Where Do We Go From Here: Chaos or Community?, by Martin Luther King, Jr.

My Copy: 9780807000670 (image from goodreads.com, new cover art on link version)

It took me a lot longer to read this last book of King’s than I thought it would, but that’s because it was so surreal and potent. Surreal because I had to stop and remind myself that this book was written in 1967 and King wanted certain things to go on. And surreal because the current protests and issues that have dominated the non-Covid headlines the past few months are what he was talking about way back then.

A shame that we’re not through this yet. It was eerie to read the same arguments coming out for a better and a just America.

Where Do We Go From Here is a book King sequestered himself away to write because of all his obligations. It hits on where the civil rights movement was successful (briefly), conflict with other black leaders who wanted a more revolutionary and active way to create change and make things better for minorities (and the use of “black power” and the conflict over that).

King is far different from his other books in this one because he’s grappling with the glacial pace in which things are changing. He’s trying to listen to those who insist on peace while learning from those advocating violence. he’s straddling the ground, but will keep to the peaceful movement. There’s a lot of ground he covers in this book.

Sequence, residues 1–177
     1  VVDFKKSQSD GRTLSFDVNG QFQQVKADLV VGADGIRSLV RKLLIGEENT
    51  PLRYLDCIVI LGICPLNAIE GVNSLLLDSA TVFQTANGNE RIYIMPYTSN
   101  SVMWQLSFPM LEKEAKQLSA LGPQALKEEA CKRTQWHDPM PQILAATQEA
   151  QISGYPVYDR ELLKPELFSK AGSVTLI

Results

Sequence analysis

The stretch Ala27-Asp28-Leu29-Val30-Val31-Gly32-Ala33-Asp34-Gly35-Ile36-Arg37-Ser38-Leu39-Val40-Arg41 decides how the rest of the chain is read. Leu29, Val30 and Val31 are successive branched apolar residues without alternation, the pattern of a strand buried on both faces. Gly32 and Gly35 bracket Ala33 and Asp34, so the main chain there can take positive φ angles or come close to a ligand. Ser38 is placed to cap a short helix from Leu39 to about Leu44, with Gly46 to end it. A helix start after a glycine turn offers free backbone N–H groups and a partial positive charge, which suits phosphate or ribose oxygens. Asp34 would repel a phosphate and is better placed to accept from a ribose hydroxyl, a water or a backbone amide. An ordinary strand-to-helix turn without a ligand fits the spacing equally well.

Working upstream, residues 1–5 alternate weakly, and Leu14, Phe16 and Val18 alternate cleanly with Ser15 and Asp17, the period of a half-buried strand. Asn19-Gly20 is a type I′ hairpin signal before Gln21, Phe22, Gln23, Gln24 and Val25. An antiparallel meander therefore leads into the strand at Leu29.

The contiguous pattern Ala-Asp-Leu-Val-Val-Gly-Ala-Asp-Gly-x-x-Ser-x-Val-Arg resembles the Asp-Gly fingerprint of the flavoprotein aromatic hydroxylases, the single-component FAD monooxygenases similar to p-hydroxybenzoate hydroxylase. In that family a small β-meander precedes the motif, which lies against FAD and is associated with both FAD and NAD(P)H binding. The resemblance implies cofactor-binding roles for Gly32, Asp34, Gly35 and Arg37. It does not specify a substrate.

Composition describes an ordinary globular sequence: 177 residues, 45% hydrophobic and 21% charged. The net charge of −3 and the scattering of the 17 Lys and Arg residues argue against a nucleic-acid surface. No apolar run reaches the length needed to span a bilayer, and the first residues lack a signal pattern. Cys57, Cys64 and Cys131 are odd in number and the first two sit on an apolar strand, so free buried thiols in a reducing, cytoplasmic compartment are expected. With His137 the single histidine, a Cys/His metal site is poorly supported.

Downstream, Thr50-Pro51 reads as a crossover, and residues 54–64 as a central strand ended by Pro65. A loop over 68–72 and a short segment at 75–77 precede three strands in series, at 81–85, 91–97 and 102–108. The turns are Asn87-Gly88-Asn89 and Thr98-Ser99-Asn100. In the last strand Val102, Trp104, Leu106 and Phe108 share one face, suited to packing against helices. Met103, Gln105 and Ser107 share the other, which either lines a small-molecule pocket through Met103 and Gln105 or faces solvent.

King is trying to keep the community together, speaking often about giving whites a place in the civil rights movement, too, even though others may not care for them. One of the big themes he tackles in poverty, and how so many people have been stuck in it, white and black alike. Much of the second half of the book focuses on the economic issue and the need to improve the lives of those at the bottom of the barrel.

Strange how I’ve been hearing about the poverty issue for years, especially in regards to the black community, and it ticks me off that all these years after King’s death and we’re still here. Gah!

It was frustrating to read this book, just because of current events and knowing he was hoping for the best so long ago, but aiming higher for everyone. This is the book where that famous quote about riots or looting being the voice of the unheard comes from.

If you’re curious where King was going years after his “I have a Dream” speech, let’s just say some of Where Do We Go From Here isn’t what typically comes out for remembrance on MLK Day.

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